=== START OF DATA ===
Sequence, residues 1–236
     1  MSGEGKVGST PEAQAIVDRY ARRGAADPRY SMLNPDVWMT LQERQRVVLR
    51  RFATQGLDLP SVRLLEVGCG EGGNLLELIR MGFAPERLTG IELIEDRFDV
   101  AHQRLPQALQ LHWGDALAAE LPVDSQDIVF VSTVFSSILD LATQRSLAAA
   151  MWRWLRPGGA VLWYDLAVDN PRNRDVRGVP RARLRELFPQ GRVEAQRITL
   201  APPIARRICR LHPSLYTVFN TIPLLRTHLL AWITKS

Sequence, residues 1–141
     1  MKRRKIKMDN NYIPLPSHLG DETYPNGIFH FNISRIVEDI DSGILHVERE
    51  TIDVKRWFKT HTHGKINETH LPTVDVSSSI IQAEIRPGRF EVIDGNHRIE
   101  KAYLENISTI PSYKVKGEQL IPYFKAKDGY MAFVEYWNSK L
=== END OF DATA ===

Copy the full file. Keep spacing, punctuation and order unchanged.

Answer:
Sequence, residues 1–236
     1  MSGEGKVGST PEAQAIVDRY ARRGAADPRY SMLNPDVWMT LQERQRVVLR
    51  RFATQGLDLP SVRLLEVGCG EGGNLLELIR MGFAPERLTG IELIEDRFDV
   101  AHQRLPQALQ LHWGDALAAE LPVDSQDIVF VSTVFSSILD LATQRSLAAA
   151  MWRWLRPGGA VLWYDLAVDN PRNRDVRGVP RARLRELFPQ GRVEAQRITL
   201  APPIARRICR LHPSLYTVFN TIPLLRTHLL AWITKS

Sequence, residues 1–141
     1  MKRRKIKMDN NYIPLPSHLG DETYPNGIFH FNISRIVEDI DSGILHVERE
    51  TIDVKRWFKT HTHGKINETH LPTVDVSSSI IQAEIRPGRF EVIDGNHRIE
   101  KAYLENISTI PSYKVKGEQL IPYFKAKDGY MAFVEYWNSK L